572. Vaccination Guidelines after Stem Cell Transplantation: Practitionersí Knowledge and Attitudes and the Gap between Guidelines and Clinical Practice
Session: Oral Abstract Session: Immunization of Children and Adults with Immune Deficiencies
Thursday, October 3, 2013: 2:30 PM
Room: The Moscone Center: 250-262
Background: Stem cell transplant (SCT) recipients are more susceptible to infections from vaccine preventable diseases than regular population. As a result, it is essential to provide protection against these organisms to decrease the number of persons vulnerable to infections that can spread rapidly. Despite the development of SCT immunization guidelines by an international group of experts in 2009, practices regarding the optimal selection and administration of vaccines vary widely. In 2009, our institution devised a standard operating procedure for vaccinations post-SCT based on guidelines.

Methods: An anonymous online survey was distributed to faculty and staff of the SCT service. Questions were aimed at determining awareness of guidelines and attitudes toward vaccination after SCT. In parallel, a retrospective evaluation was undertaken using our institution’s pharmacy database to determine vaccines administered post-SCT after 2009.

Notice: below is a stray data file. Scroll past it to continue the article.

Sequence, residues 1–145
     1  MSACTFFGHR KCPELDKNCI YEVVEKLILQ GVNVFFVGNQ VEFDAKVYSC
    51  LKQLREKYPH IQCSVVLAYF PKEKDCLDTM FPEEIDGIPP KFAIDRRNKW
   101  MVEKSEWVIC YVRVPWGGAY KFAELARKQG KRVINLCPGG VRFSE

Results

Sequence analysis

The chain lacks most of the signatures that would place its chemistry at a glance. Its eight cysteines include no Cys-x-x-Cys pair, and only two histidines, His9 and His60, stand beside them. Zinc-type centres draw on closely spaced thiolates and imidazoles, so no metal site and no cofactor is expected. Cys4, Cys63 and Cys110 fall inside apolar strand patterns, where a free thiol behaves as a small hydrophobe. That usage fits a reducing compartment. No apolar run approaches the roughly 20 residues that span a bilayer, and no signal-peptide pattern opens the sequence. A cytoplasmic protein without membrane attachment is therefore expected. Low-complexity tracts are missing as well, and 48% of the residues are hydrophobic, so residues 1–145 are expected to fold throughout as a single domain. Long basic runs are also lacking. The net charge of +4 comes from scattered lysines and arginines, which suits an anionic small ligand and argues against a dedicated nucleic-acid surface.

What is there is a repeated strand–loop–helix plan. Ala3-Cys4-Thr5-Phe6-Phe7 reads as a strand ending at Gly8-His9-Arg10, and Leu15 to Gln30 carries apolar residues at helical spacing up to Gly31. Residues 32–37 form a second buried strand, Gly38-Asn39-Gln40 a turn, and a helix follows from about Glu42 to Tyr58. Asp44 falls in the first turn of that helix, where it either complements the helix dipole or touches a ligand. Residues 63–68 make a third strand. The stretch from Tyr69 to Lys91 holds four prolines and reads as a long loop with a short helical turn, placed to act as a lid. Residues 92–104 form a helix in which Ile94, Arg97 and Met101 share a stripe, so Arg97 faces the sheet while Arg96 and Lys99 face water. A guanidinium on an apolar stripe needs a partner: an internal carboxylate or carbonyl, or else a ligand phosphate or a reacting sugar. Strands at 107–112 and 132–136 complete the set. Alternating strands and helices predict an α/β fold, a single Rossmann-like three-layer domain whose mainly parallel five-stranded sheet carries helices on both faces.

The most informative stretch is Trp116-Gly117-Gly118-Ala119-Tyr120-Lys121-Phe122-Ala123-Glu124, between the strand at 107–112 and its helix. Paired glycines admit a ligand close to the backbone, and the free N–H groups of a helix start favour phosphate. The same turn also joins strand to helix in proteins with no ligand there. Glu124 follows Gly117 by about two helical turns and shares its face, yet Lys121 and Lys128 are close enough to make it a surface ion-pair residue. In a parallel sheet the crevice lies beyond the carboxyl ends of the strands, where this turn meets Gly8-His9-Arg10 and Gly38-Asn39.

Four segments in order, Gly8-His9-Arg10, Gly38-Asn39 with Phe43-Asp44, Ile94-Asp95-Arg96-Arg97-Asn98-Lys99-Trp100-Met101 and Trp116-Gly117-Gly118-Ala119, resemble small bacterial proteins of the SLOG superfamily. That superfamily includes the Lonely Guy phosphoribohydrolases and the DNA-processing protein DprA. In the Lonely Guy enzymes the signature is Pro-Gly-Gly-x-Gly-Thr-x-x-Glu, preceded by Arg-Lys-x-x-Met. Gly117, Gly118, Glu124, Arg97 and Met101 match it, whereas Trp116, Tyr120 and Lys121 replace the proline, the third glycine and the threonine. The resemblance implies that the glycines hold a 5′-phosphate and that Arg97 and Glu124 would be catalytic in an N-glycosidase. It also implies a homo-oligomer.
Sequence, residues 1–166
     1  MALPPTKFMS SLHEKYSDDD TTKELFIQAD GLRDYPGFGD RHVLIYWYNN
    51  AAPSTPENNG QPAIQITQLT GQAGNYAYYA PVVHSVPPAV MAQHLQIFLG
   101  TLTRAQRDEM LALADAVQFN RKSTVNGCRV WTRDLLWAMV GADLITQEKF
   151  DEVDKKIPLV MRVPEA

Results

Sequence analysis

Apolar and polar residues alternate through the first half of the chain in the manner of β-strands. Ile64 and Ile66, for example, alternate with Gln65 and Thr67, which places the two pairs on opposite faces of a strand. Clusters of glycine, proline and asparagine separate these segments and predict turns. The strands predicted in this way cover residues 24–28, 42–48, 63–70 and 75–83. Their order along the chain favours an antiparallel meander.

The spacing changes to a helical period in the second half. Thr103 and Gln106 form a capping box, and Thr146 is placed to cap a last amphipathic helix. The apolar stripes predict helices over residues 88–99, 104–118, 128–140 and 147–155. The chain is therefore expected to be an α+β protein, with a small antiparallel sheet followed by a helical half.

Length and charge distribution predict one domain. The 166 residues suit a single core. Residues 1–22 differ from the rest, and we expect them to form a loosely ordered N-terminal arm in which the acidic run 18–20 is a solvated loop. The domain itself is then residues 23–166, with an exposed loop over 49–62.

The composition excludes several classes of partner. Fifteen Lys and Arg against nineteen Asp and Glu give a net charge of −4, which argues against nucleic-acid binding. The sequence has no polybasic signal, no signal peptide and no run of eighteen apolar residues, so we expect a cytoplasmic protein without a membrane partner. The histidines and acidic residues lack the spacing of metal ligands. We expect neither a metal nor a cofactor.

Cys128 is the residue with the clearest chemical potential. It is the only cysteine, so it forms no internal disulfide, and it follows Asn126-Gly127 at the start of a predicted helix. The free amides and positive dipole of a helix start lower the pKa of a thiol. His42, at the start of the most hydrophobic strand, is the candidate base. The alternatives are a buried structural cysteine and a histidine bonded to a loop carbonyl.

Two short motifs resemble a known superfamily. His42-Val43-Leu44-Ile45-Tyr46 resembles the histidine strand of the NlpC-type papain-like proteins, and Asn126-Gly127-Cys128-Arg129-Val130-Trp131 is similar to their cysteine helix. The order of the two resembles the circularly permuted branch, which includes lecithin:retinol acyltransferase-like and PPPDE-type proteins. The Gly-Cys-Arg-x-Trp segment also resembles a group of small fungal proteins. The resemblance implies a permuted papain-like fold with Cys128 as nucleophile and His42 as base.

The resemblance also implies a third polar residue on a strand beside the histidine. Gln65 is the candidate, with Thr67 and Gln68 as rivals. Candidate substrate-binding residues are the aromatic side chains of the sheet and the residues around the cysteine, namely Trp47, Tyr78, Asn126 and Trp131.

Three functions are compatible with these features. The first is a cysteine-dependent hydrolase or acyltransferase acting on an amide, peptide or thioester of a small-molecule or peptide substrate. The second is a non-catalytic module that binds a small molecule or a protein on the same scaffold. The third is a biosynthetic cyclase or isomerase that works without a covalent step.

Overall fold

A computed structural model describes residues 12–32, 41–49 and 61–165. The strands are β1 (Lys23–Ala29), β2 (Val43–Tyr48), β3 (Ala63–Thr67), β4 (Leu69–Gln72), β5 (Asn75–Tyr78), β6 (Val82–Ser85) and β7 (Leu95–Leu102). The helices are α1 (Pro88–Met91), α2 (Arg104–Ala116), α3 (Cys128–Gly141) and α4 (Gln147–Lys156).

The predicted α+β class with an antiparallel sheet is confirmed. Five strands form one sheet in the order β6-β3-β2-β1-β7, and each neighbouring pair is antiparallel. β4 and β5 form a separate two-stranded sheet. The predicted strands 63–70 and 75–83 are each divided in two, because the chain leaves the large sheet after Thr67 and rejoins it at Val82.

Results: Thirty-two physicians and midlevel practitioners received the survey. The response rate was 72% (23/32). According to the survey, 96% of the respondents were familiar with the institution’s post-SCT vaccination protocol. The most common reasons for delayed vaccination were use of steroids (70%) and graft-versus-host disease (GVHD) (87%). Seventy percent of respondents reported prescribing influenza vaccine, and 30% reported administering live vaccines to eligible patients. Our review of the data collected from the pharmacy database showed that an average of 25% of patients received the first series of vaccinations by 6 months post-SCT, and 60% fulfilled vaccination protocols by 1 year after SCT. Moreover, 40% of patients received influenza vaccine, and 2% of eligible patients were vaccinated against live viruses.

Conclusion: We described a gap between clinician knowledge, attitudes and clinical practice regarding vaccination post-SCT. Respondents to this survey reported being aware of current guidelines, however, according to our pharmacy database review, the majority of them did not adhere to guidelines-driven practices. Additionally, despite recommendations for vaccination in patients with GVHD or on steroids, an overwhelming majority of our physicians chose to hold vaccination for these patients, reflecting on low vaccinations rates.

Ella Ariza-Heredia, MD1, Alison Gulbis, PharmD2, Partow Kebriaie, MD2, Karen Stolar, RN, MS2, Victor Mulanovich, MD3, Kelly Mcconn, PA2, Richard Champlin, MD2 and Roy Chemaly, MD, MPH1, (1)Infectious Diseases, Infection Control and Employee Health, The University of Texas MD Anderson Cancer Center, Houston, TX, (2)MD Anderson Cancer Center, Houston, TX, (3)Infectious Diseases, Infection Control & Employee Health, The University of Texas MD Anderson Cancer Center, Houston, TX

Disclosures:

E. Ariza-Heredia, None

A. Gulbis, None

P. Kebriaie, None

K. Stolar, None

V. Mulanovich, None

K. Mcconn, None

R. Champlin, None

R. Chemaly, None

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